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Health Program Money Won't Hit Projections

Leon County Judge John Cooper on June 30, 2022, in a screen grab from The Florida Channel.
Cheap Health Insurance
The Florida Channel
Leon County Judge John Cooper on June 30, 2022, in a screen grab from The Florida Channel.

Gov. Rick Scott last year bragged that the Trump administration had agreed to steer $1.5 billion in supplemental Medicaid funding to the state, saying at the time the money will “truly improve the quality and access to health care for our most vulnerable populations.” 

But the amount of Medicaid money that will flow to the “Low Income Pool” program this year is $730.6 million, less than half of the potential amount and about $60 million less than what Medicaid Director Beth Kidder told lawmakers last fall would be available for the state to spend. 

Nevertheless, Agency for Health Care Administration Secretary Justin Senior remained optimistic Thursday, predicting that the state will tap into the full $1.5 billion in supplemental Medicaid dollars at some point. 

“The opportunity is there, and I think that’s the important thing. It will grow over time,” Senior told The News Service of Florida. 

The Low Income Pool, which provides additional funds to hospitals that serve large numbers of poor and uninsured patients, is comprised of money from Florida and the federal government. But Florida doesn’t use state tax dollars for its required match. Instead, the state calls on local governments and local health-care taxing districts to provide “intergovernmental transfers” to fund the program.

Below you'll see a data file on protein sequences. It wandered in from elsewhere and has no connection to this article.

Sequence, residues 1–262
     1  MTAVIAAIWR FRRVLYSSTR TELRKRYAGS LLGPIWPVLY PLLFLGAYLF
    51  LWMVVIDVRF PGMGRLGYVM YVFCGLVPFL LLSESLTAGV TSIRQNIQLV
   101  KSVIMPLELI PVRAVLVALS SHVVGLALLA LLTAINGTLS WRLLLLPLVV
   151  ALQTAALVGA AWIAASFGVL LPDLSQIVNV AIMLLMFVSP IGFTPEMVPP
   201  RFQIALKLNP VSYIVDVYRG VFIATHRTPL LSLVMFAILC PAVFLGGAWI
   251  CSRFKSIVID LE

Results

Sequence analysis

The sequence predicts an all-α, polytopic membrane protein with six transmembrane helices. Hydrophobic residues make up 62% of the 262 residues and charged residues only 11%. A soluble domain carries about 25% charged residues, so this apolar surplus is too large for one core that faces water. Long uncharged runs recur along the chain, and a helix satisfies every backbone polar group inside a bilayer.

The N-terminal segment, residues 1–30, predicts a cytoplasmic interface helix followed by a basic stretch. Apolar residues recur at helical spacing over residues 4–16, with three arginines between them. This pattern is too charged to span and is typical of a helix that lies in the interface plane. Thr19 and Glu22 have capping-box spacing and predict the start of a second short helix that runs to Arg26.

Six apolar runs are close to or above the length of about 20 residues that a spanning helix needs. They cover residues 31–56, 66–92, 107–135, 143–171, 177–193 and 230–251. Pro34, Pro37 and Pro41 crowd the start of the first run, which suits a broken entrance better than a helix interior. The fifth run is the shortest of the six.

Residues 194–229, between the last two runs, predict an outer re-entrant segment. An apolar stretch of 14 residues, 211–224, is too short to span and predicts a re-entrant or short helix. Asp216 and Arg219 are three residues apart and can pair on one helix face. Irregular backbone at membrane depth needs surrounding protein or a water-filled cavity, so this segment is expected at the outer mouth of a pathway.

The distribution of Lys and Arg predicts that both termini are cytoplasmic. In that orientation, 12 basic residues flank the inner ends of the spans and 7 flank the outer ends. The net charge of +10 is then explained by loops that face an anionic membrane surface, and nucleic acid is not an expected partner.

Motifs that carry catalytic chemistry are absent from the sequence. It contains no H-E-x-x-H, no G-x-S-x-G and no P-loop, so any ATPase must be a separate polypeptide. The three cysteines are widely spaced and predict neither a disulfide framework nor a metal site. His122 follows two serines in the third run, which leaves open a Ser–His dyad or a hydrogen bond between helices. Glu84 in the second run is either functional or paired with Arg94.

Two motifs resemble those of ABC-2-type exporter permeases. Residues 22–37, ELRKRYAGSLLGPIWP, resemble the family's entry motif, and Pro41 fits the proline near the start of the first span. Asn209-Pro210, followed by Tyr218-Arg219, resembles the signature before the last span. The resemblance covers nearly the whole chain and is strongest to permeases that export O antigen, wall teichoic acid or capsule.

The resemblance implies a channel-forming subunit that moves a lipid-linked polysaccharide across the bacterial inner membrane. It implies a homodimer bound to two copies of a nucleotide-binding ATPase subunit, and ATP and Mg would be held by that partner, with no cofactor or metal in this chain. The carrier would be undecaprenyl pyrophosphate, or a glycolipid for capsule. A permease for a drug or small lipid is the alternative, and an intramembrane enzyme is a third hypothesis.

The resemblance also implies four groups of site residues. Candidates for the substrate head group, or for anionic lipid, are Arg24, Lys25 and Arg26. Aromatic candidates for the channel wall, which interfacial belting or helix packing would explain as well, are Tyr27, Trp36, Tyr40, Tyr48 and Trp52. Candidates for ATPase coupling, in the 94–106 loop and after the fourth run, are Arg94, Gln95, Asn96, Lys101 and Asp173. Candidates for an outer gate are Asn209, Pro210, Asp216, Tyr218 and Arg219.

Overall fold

Kidder told senators last fall that the state had $303.3 million in funding commitments from local entities. Combined with the federal money, that would have provided a total of about $790 million for the LIP program. 

Not all commitments came through. The state collected $279 million, which draws down $451.4 million in matching federal Medicaid dollars. 

LIP has been a long-standing program in Florida, and local officials have traditionally contributed more money. 

But counties are less eager to contribute tax dollars now because of restrictions that were initially put in place by the Obama administration in 2015 after the state refused to expand Medicaid under the Affordable Care Act. 

The Obama administration preferred to use Medicaid dollars to provide health insurance coverage instead of funding supplemental risk pools and pared back the size of Florida’s LIP program to $608 million. 

Scott criticized the Obama administration at the time, accusing the Democratic president of punishing Florida for not expanding Medicaid. 

Conversely, Scott praised the Trump administration last year for agreeing to extend what is known as a “Medicaid 1115 waiver” for another five years, saying in a prepared release that it was “refreshing to now have a federal government that treats us fairly and does not attempt to coerce us into expanding Medicaid.” 

Scott at the time dismissed concerns that the state wouldn’t be able to collect enough money to fully fund the LIP program and said the state would “get more flexibility in a lot of things with regard to the Medicaid program.”